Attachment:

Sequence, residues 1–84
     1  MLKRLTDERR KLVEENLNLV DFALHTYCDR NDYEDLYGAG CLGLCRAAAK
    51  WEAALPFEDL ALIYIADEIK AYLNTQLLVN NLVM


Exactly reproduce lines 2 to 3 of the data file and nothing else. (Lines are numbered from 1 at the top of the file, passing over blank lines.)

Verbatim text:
     1  MLKRLTDERR KLVEENLNLV DFALHTYCDR NDYEDLYGAG CLGLCRAAAK
    51  WEAALPFEDL ALIYIADEIK AYLNTQLLVN NLVM